Tue, Nov 09, 2010 - Page 1 News List

APEC members debate power to forge trade deals


Pacific Rim economies are debating whether to give APEC the power to negotiate free-trade pacts, a move that could pave the way for a massive free-trade zone that lowers tariffs on goods from electronics to food.

Members of the APEC forum are using their annual gathering this week to discuss changing the toothless organization into one with enough authority to negotiate a binding Pacific-wide free-trade agreement, Japanese officials said yesterday.

If realized, it would encompass 44 percent of global trade and more than half the world economy. However, it also has the potential to batter farmers in countries like Japan and South Korea, where an array of agricultural products are protected by high tariffs.

Leaders including US President Barack Obama and Chinese President Hu Jintao (胡錦濤) gathering this weekend in Yokohama for the APEC summit will agree to take steps toward such a sweeping free trade agreement, according to a draft of the final communique obtained by the Associated Press. It gave no timeframe.

However, to forge such a trade treaty, APEC would have to become a negotiating body, a big change from what it is now — a forum started in 1989 to promote trade and investment throughout the Pacific, but without any real powers.

APEC members such as the US and Japan are in favor of moving toward the Pacific-wide free-trade area — officially known as the Free Trade Area of the Asia-Pacific — but others like Indonesia and the Philippines are reluctant, preferring to keep it as a vague, long-term goal.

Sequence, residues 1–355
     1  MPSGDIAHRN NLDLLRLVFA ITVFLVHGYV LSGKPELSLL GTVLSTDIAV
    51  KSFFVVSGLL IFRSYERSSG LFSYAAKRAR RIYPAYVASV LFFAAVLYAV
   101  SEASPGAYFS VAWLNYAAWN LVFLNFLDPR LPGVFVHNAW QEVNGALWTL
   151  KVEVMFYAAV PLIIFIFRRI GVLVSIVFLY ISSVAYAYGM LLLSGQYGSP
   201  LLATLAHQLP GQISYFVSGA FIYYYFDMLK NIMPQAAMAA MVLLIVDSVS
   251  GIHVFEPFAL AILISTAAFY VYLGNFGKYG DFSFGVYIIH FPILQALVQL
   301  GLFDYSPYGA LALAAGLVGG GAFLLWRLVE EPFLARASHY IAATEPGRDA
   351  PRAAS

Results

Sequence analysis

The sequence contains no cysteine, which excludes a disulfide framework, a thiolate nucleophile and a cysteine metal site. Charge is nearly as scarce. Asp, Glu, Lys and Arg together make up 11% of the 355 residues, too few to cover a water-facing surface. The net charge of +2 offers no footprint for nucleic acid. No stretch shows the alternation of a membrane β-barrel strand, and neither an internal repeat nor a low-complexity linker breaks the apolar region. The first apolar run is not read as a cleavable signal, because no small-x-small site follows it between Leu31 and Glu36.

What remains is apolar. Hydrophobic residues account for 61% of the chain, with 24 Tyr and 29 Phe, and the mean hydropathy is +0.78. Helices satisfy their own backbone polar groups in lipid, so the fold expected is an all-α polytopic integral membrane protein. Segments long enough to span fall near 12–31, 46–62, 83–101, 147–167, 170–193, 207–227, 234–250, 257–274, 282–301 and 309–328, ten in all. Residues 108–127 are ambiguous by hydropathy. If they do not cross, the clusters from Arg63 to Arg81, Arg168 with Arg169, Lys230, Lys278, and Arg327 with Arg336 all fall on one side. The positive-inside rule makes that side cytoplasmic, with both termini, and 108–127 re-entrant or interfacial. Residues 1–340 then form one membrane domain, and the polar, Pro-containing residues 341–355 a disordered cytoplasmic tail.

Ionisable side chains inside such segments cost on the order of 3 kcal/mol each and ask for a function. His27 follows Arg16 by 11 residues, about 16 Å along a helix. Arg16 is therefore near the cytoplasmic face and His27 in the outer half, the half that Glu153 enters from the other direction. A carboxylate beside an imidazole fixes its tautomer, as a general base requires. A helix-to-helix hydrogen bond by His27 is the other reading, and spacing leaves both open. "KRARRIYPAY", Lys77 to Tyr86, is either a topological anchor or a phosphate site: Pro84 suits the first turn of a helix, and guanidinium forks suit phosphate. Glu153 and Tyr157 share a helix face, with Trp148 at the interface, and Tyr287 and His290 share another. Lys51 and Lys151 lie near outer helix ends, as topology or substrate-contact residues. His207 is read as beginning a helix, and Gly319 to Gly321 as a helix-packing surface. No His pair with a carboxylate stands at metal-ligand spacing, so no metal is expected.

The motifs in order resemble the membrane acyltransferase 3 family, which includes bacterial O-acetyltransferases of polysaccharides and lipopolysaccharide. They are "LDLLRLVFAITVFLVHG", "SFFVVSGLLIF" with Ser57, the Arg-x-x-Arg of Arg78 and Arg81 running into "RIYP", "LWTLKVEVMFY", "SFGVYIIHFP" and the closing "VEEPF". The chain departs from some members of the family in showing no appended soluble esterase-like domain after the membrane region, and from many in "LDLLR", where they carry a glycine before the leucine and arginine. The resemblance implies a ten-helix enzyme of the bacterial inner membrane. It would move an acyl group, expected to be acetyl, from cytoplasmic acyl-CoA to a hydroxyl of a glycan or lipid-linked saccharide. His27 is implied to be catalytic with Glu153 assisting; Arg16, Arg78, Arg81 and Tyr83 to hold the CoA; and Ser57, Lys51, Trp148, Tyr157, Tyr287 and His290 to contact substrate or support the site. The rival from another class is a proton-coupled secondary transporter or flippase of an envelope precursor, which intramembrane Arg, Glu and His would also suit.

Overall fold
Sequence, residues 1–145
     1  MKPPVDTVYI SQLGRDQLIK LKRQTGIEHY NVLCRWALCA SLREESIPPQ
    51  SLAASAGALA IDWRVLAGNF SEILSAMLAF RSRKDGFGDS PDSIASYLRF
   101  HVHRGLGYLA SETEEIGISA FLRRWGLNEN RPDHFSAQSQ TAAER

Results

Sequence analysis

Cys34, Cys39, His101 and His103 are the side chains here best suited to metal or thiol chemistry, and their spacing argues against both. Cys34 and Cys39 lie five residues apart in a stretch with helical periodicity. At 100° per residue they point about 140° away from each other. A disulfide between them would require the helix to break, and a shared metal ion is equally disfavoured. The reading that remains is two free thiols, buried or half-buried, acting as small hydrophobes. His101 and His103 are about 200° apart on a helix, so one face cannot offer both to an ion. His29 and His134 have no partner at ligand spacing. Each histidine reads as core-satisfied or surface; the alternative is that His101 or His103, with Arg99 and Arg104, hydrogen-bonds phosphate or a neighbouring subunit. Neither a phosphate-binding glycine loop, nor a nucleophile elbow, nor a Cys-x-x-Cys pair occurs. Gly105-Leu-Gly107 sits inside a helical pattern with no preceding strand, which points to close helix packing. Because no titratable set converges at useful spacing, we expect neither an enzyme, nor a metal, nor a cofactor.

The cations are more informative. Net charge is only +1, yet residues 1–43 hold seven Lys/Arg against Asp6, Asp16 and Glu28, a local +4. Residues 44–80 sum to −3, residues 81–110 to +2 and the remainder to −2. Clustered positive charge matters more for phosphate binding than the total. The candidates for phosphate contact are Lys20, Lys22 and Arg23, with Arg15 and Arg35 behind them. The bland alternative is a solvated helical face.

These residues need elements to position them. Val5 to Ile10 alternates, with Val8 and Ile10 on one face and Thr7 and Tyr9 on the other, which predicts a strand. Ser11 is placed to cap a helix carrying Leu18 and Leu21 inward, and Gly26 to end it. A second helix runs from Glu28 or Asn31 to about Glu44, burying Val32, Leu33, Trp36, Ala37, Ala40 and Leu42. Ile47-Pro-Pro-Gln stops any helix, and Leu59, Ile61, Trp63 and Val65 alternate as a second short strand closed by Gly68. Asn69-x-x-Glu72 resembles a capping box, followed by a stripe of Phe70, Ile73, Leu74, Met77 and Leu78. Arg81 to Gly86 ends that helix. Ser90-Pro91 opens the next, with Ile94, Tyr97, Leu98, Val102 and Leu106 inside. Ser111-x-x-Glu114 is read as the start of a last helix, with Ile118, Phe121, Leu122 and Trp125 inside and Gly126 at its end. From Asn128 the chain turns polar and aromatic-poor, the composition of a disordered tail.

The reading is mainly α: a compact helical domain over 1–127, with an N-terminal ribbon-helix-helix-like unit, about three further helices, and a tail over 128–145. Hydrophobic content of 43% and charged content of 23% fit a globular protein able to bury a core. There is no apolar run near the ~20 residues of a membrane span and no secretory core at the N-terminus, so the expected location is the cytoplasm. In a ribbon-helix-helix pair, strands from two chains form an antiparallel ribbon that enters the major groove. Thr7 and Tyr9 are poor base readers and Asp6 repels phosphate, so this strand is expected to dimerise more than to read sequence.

Experts have also said it is an unrealistic objective given the complexity and huge variation among the 21 member economies, which range from Papua New Guinea to China and the US.

Still, the idea of an APEC free trade zone, first floated by the US at the 2006 summit in Hanoi has gained momentum as a way to harmonize the proliferation of bilateral and regional free trade pacts within the region and amid frustration with stalled WTO talks.

As steps toward creating a Pacific-wide free-trade area, the leaders are expected to endorse possible smaller regional free-trade pacts, including the Trans-Pacific Partnership, which the US and four other countries — Australia, Malaysia, Vietnam and Peru — are negotiating to join. It currently consists of Brunei, Chile, New Zealand and Singapore.

Malcolm Cook, the East Asia program director at the Lowy Institute, a Sydney-based think tank, said the Free Trade Area of the Asia-Pacific is probably a “non-starter.”

The Trans-Pacific Partnership “will take its place as the most likely path for a regional agreement” partly because it doesn’t include China, making it easier to negotiate, he said.

The annual APEC summit is being held against a backdrop of tension over currencies and territorial disputes that could overshadow its official agenda, which is strictly economic. Japan is embroiled in spats with China and Russia over disputed islands.

One of week’s goals is to draw up an overarching economic growth strategy for members that emphasizes innovation and is compatible with efforts to protect the environment. Developed nations will also be evaluated on their progress in reaching APEC’s goal set in 1994 to achieve free trade and investment by next year.

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